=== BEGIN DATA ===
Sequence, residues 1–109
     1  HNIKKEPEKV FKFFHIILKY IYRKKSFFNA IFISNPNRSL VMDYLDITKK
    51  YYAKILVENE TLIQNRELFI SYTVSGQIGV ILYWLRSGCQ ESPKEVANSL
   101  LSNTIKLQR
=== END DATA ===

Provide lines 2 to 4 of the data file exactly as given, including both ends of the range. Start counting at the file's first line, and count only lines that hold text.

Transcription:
     1  HNIKKEPEKV FKFFHIILKY IYRKKSFFNA IFISNPNRSL VMDYLDITKK
    51  YYAKILVENE TLIQNRELFI SYTVSGQIGV ILYWLRSGCQ ESPKEVANSL
   101  LSNTIKLQR